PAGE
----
Retiring captains Paul Konerko, Derek Jeter share mutual respect

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To say Paul Konerko respects Derek Jeter would be an understatement.

Konerko talked at length about the New York Yankees captain’s accomplishments before the White Sox and Yankees kicked off a four-game series on Thursday night.

Barring a postseason series, this will be Jeter’s last trip to U.S. Cellular Field, as he announced he would retire after 20 seasons at the end of 2014. Konerko clearly values Jeter’s achievements on the field. The shortstop has won five World Series rings and has 3,356 hits.

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But Konerko places just as much importance on how Jeter handled himself away from the diamond.

“He has had to do deal with the most and done it the best, with the most class, so for me, he’s No. 1 in my book when it comes to all that stuff,” Konerko said. “It’s definitely appreciated by myself and the players in the game. When a guy like that, as good as he is, and has everybody staring at him and looking at him for 20 years, you hope it falls into someone’s lap like his, that he handles it right and does right by it, and he’s never let anybody down. It’s really amazing. He might be the best ever when it comes to that.”

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Jeter has mutual admiration for Konerko, who also plans to retire at the end of 2014. The two have faced off for 16 seasons, and Jeter appreciates how Konerko has performed. Konerko, Jeter and Philadelphia’s Jimmy Rollins are the only current players in the majors to have at least 2,200 hits with the same team.

“I respect his game, how he handles himself,” Jeter said. “He’s had a lot of success in his career and a lot of success against us in his career. You enjoy competing against guys like that. I’ve gotten to know him a little bit throughout the years, and he’s had a wonderful career. I’ve always respected him.”

Watch: Ryan Goins tags Todd Frazier with the hidden ball trick

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The Yankees are facing a convoluted path to the postseason, and they didn’t do themselves any favors after Todd Frazier fell for Ryan Goins‘ hidden ball trick in the third inning of Friday’s series opener. With one out and Frazier on second base, Jacoby Ellsbury skied a deep fly ball to right field, where it was caught by Jose Bautista just shy of the warning track and tossed back to Goins at second. Goins faked the throw to Marco Estrada, then sneakily (or not so sneakily, depending on your vantage point) gloved the ball and caught Frazier off the bag for the third out.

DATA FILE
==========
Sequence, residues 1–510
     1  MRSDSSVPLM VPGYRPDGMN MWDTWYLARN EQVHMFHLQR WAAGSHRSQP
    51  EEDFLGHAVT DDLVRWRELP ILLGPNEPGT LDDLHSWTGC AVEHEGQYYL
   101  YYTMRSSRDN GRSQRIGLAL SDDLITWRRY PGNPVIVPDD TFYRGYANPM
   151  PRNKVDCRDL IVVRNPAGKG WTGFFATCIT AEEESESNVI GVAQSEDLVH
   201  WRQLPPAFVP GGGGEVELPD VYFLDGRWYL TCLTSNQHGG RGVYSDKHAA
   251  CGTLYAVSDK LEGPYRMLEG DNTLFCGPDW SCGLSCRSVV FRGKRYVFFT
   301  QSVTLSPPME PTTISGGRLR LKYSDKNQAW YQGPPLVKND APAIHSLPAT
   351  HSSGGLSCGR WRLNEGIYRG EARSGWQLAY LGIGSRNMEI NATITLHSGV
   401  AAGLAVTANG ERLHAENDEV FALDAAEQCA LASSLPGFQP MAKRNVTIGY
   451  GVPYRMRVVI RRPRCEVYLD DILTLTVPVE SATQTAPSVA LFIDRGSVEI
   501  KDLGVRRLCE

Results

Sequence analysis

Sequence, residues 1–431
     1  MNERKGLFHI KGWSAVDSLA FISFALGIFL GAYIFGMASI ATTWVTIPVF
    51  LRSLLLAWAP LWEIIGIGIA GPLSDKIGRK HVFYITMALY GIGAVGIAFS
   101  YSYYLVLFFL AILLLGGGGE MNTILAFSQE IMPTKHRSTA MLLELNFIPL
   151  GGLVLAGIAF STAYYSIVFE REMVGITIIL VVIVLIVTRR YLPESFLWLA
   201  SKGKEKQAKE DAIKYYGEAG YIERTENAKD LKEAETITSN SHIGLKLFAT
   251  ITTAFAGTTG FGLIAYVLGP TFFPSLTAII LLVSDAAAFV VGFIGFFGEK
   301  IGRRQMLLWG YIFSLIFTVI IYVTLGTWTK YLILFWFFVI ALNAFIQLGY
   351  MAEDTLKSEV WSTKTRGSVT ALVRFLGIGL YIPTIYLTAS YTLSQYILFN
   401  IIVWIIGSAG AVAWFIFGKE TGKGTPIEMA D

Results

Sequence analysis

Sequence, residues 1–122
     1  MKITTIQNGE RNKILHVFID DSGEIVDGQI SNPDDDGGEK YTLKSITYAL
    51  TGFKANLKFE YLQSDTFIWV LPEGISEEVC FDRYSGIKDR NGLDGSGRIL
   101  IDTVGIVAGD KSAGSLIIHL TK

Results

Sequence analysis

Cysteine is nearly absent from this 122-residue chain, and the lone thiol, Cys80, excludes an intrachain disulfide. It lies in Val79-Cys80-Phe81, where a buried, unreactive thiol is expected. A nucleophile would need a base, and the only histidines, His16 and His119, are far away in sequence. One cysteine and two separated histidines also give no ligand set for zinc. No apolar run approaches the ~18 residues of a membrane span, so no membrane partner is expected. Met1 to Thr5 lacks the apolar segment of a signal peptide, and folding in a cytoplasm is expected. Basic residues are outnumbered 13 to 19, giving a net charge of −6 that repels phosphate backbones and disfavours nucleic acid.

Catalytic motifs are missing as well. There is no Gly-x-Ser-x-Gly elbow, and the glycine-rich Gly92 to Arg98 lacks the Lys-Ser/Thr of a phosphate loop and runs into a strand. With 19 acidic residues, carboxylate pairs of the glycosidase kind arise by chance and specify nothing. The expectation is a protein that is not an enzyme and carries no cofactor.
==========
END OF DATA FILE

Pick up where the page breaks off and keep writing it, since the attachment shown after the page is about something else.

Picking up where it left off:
Of course, it helped that Frazier’s back was turned during the throw, so Goins’ fake-out may not have been as obvious as it was when the Yankees reviewed the tape several minutes later.

Goins earned another spot on the highlight reel in the sixth inning, mashing his second grand slam of the season while Frazier — and the rest of the Yankees’ offense, sans one home-run-record-slaying Aaron Judge — scrambled to catch up. The Yankees currently trail the Blue Jays 8-1 in the bottom of the eighth inning, and will need to pull off a comeback (and hope the Astros and Athletics clinch their respective games) before they can lay claim to a playoff spot.

Blue Jays shut down Steve Pearce for the rest of 2017

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The Blue Jays have shut down left fielder Steve Pearce for the remainder of the season following a lingering case of lower back stiffness. Pearce has not appeared in a game since September 8, when he was forced to exit in the first inning after experiencing back pain during his at-bat. Per Ben Nicholson-Smith of Sportsnet.ca, he’s scheduled to return to Florida next week, where he’ll receive epidural injections to address the pain.

Pearce, 34, impressed in his first season with Toronto. He battled through a calf injury during the first half of the season and finished the year with a modest .252/.319/.438 batting line, 13 home runs and a .757 OPS through 348 PA. By September, the Blue Jays started testing the waters with outfield prospect Teoscar Hernandez, who shouldered the bulk of the starts in left field after Pearce was sidelined with back issues.

With the Blue Jays all but eliminated from playoff contention, however, there’s no rush to get Pearce back to the outfield. He should be in fine shape to compete for another starting role in spring, and could face stiff competition from Hernandez if the rookie continues building on his .278 average and three home runs this month. The veteran outfielder is slated to receive the remaining $6.25 million on his contract in 2018 and will be eligible for free agency in 2019.